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Minimum wage increase should have minimum impact

Article

Veterinary practice owners likely won't see much of an impact from the latest federal minimum wage increase.

WASHINGTON, D.C. — Veterinary practice owners likely won't see much of an impact from the latest federal minimum-wage increase, according to industry experts.

The U.S. minimum wage increased to $7.25 in late July, the last of three staggered increases since the Fair Minimum Wage Act of 2007 went into effect.

The minimum wage increased from $5.85 per hour in July 2007 to $6.55 per hour in July 2008 and now is set at $7.25 per hour.

"I don't think there will be a significant impact on practices," Karen Felsted, chief executive officer of the National Commission on Veterinary Economic Issues, says. "Most are paying above minimum wage to begin with."

While kennel workers in some practices and employees in predominately rural areas may earn minimum wage, those examples are more the exception than the rule, she says.

And even in those rare instances, the increase in cost likely will only amount to a few thousand dollars a year.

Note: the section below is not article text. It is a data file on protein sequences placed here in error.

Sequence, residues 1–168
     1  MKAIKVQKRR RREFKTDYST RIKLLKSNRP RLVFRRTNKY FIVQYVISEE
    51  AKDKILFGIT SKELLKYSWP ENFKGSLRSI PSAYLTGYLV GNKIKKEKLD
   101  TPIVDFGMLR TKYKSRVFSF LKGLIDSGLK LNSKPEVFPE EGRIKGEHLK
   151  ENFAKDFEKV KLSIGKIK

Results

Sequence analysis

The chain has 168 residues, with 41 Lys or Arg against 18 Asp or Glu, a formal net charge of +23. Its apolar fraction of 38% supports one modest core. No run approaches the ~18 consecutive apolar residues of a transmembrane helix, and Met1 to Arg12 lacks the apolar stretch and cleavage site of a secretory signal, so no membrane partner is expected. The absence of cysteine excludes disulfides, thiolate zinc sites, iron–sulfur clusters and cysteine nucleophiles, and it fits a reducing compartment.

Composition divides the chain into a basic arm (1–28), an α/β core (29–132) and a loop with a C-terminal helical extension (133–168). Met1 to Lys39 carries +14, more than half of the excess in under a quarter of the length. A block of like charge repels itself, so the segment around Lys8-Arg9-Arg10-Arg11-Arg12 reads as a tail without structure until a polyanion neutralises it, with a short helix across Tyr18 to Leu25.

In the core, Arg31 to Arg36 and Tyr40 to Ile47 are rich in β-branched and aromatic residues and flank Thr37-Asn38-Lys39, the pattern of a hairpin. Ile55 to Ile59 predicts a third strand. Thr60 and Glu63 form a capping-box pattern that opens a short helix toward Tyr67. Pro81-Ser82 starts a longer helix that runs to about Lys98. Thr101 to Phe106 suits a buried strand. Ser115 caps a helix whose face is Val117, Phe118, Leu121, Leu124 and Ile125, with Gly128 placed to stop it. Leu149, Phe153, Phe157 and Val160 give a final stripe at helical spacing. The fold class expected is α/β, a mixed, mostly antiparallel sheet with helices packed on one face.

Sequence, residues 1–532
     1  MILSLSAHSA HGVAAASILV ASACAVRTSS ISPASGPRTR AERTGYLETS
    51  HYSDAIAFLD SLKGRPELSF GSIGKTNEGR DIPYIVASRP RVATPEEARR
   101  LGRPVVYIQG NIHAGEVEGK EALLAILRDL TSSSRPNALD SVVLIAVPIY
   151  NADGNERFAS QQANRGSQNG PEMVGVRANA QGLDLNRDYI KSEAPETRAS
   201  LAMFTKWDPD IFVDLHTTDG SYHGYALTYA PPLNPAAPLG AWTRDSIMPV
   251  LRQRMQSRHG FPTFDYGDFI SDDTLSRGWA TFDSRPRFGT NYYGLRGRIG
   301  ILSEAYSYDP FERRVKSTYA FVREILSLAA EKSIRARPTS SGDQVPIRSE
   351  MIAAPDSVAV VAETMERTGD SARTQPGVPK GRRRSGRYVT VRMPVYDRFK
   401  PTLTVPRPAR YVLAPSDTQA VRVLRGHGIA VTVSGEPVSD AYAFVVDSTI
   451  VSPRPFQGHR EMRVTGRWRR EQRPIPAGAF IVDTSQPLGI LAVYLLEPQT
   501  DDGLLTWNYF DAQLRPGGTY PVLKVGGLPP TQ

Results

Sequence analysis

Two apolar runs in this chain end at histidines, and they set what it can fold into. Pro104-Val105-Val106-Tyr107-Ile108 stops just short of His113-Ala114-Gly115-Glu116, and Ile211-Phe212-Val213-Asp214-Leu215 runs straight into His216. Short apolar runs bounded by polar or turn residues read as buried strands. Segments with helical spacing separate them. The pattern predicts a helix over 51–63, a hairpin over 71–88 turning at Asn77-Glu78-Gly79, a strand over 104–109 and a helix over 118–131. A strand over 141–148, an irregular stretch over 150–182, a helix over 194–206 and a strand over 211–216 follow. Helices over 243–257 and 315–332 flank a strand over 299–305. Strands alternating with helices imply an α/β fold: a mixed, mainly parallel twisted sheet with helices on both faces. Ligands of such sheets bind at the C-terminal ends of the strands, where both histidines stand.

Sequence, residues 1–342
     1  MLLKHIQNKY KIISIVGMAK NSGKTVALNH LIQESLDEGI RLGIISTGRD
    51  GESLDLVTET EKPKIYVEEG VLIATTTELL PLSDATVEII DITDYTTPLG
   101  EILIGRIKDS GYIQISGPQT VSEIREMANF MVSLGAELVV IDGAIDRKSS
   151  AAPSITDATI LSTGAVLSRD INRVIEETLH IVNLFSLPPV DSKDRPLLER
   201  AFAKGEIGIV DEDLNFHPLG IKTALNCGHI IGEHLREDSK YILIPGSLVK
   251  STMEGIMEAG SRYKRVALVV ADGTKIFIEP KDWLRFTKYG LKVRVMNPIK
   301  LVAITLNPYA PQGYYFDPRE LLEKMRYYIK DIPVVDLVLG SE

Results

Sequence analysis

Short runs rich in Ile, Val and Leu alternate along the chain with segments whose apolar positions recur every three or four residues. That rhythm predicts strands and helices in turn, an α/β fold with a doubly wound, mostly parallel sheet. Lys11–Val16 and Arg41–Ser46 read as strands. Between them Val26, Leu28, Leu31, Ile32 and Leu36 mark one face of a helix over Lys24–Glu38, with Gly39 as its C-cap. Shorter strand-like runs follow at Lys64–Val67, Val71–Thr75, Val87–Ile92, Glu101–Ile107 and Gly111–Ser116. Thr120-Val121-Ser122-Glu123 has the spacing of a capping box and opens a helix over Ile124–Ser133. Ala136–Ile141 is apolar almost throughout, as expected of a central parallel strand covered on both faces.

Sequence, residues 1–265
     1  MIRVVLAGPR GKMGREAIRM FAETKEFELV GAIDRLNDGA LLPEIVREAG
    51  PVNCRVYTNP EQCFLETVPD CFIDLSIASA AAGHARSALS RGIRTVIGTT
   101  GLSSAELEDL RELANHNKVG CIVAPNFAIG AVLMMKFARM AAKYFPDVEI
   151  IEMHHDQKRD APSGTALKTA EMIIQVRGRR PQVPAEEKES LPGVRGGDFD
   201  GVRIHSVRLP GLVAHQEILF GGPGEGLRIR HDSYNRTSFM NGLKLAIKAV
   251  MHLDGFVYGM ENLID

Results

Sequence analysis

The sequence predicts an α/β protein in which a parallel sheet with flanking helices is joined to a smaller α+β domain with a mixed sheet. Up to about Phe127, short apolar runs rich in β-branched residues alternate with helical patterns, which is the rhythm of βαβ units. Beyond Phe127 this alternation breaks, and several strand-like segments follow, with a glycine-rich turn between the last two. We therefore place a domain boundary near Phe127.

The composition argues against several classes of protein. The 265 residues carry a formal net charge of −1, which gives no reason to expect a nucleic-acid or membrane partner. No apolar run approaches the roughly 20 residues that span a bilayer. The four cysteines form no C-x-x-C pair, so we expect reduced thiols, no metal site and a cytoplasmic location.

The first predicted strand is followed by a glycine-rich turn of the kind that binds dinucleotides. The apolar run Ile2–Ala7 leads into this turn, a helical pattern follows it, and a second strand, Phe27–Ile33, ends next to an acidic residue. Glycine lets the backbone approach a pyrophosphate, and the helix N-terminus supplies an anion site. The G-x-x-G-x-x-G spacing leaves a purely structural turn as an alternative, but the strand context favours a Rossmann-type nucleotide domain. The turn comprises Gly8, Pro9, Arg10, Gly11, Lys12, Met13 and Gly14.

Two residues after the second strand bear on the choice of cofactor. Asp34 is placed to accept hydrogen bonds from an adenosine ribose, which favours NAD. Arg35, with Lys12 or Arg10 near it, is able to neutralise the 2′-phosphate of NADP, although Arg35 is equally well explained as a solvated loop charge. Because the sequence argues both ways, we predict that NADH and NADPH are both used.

"It's just the cost of doing business, like increases of any kind -- rent, utilities, drugs, equipment," Felsted says. "Those are costs you don't have any choice in paying, and they are all a part of the decision-making process when considering whether to raise fees."

While Felsted acknowledges now might not be the best time to raise fees dramatically, a slight increase of 3 percent could offset additional expenses, like the minimum wage increase, she says.

Money matters,state-by- state

The minimum wage increase will directly benefit workers in 30 states, where the state minimum wage is currently at or below the federal minimum wage or there is no state minimum wage. Those states are: Alabama, Alaska, Arkansas, Delaware, Florida, Georgia, Idaho, Indiana, Kansas, Louisiana, Maryland, Minnesota, Mississippi, Missouri, Montana, Nebraska, New Jersey, New York, North Carolina, North Dakota, Oklahoma, Pennsylvania, South Carolina, South Dakota, Tennessee, Texas, Utah, Virginia, Wisconsin and Wyoming. In the District of Columbia, the minimum wage is required to be $1 more than the federal minimum.

What an extra $120 a month can buy

A family with a full-time minimum-wage earner would see its monthly income increase by about $120. That could pay for:

» More than a week's worth of groceries for an average family of four

» More than one week's utility bills

» Three tanks of gas for a small car »

» Replacing all of the light bulbs in a typical home with compact fluorescent light bulbs.

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